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A popular TikTok clip featuring a ferry passenger feeding a wild duck has led an expert to issue a warning.
Filmed in Lake Taupo, New Zealand, the video has accumulated over 630,000 views and more than 93,000 likes since it was posted to the social media platform on Thursday.
Passengers can be heard cheering and clapping as a large duck approaches the fast moving ferry.
The bird catches sight of an outstretched arm holding a piece of food, and to the delight of those on board, quickly snatches it.
At first glance, most comments from TikTok users appear largely supportive.
“Humanity being cute,” wrote one person.
“This is the best video I’ve ever seen in my life,” added someone else.
Viewers who caught the video early were urging for the video to go viral, but there were some keen-eyed TikTok users who raised a key concern.
Detail that has bird lovers concerned revealed
The detail that some wildlife lovers noticed is that the duck is being fed a chip.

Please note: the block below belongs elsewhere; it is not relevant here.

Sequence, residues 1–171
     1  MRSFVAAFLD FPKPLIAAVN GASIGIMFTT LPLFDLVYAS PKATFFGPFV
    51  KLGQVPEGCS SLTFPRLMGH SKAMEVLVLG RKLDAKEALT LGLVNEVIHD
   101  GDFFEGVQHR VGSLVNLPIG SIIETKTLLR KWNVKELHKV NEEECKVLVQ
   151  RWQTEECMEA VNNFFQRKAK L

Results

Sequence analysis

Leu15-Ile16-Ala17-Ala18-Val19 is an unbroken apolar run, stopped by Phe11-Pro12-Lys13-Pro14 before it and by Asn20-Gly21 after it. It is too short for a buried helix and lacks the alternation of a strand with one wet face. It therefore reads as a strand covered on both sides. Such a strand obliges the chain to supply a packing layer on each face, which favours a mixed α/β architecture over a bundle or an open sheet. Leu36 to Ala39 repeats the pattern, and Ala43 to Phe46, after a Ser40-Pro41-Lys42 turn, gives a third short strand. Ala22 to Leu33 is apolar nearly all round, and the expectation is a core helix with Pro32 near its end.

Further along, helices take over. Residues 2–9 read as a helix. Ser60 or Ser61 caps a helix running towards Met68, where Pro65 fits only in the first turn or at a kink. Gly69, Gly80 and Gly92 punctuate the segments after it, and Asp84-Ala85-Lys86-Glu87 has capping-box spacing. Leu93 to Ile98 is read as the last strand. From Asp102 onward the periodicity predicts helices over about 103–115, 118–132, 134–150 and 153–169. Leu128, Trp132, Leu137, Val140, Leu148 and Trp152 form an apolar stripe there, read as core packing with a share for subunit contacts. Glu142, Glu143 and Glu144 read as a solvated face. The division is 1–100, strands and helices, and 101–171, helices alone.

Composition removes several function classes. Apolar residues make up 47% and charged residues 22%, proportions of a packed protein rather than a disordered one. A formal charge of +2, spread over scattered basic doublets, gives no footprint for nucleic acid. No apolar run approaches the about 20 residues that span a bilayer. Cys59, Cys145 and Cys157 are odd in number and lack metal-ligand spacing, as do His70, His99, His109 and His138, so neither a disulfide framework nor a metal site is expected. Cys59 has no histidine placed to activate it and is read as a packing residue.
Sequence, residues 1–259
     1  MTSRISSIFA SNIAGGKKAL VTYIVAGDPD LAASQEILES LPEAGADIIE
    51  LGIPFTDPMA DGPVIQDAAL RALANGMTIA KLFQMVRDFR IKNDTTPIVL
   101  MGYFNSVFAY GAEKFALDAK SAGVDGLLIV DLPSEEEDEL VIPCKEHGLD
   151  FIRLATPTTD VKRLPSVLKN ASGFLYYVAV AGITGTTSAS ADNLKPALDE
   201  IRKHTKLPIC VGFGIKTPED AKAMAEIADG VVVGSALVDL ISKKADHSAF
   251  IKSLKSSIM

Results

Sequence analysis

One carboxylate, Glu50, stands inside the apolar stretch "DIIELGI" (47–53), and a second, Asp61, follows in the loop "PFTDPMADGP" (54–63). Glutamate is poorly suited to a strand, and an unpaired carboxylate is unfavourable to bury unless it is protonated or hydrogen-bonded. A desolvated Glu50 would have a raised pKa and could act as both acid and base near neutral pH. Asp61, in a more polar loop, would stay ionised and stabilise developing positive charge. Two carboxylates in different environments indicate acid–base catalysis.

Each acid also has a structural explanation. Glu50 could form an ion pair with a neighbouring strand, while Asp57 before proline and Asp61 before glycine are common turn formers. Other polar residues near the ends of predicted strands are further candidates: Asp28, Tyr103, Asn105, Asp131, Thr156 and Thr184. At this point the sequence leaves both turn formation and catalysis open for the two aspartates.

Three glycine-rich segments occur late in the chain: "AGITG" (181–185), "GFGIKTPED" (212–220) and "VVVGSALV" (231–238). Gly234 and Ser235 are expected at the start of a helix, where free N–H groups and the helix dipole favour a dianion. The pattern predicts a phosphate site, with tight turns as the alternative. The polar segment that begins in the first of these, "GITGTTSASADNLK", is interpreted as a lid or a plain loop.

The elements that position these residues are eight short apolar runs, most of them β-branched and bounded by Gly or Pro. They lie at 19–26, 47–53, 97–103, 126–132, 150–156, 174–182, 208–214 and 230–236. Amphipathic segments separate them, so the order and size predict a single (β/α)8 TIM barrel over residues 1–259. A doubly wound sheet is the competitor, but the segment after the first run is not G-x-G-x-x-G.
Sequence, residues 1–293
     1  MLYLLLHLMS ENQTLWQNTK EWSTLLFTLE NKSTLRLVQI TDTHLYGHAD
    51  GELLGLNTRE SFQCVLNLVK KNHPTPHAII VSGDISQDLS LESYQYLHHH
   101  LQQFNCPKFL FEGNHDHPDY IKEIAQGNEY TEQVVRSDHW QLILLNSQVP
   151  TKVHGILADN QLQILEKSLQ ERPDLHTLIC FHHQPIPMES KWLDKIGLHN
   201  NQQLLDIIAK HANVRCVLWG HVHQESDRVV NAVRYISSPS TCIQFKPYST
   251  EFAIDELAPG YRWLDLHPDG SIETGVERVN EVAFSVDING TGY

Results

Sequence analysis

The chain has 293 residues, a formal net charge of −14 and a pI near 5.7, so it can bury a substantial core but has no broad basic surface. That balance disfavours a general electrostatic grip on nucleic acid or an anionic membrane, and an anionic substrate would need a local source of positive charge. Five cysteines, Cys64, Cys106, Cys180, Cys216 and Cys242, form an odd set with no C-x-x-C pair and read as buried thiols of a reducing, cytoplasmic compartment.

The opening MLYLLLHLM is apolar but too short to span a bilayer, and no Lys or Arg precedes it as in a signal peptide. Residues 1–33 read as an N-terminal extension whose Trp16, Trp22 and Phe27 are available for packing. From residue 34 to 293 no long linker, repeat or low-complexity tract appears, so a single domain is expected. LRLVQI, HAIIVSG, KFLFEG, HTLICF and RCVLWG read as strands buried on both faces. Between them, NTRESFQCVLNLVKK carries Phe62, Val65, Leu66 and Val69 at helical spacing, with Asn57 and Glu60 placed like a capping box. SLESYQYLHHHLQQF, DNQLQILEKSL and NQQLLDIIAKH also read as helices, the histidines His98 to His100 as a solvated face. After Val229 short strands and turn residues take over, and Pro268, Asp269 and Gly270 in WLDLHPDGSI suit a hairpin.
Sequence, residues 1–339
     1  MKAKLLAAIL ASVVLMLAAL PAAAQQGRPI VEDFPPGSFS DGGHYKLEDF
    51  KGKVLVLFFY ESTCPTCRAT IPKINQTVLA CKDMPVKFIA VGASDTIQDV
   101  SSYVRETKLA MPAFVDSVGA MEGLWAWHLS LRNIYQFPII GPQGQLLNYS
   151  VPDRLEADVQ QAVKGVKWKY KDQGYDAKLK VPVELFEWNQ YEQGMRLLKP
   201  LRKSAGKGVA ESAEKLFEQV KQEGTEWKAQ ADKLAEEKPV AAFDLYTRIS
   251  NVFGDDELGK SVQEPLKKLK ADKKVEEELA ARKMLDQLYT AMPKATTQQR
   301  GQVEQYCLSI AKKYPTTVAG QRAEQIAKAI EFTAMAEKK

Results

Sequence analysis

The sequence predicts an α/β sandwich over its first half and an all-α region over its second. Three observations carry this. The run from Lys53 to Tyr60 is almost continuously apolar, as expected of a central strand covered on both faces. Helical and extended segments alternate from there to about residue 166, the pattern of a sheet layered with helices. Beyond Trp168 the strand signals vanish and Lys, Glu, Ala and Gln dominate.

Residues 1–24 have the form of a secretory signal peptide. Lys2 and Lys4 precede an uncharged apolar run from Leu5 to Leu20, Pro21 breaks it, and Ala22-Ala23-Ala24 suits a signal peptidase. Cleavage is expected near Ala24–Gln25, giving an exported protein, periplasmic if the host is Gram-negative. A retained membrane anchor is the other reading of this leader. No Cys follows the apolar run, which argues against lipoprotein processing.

While the bird appears to be an introduced mallard, and not a native species, human food like bread and chips are bad for their health.
Sean Dooley from BirdLife Australia told Yahoo News Australia said despite people getting “a lot of delight” from feeding ducks, giving them chips is “bad news”.
“Taking kids down to the duck pond is actually a great way to engage them in in nature and I think it's really worthwhile,” he said.
“When it comes to feeding ducks there are benefits to humans, but there's almost no benefit to the ducks.
"It's actually really problematic.”
Chips are high in fat and are often salted, meaning they are really poor in nutrition for ducks, Mr Dooley advises.
While bread is a more common choice than chips, it can pose an even bigger problem outside of the duck’s stomach, as uneaten fragments will often settle on the bottom of the pond and contribute to algal blooms.
Simple tip for wildlife lovers wanting to interact with birds
People who insist on feeding birds and care about their welfare should ensure the food they are providing is nutritious, but more importantly distributed in a clean area to avoid the spread of disease.
Lettuce and frozen peas and corn pose less of a problem for ducks, but when it comes to interacting with wild birds, Mr Dooley has an even better tip.
It's one that works for both humans and birds.
“The thing you can do to interact with birds in mutually beneficial way, especially as we head into summer is putting out water for birds,” he said.
“Bird baths or any any sort of thing that holds water, birds really love that and appreciate it.”
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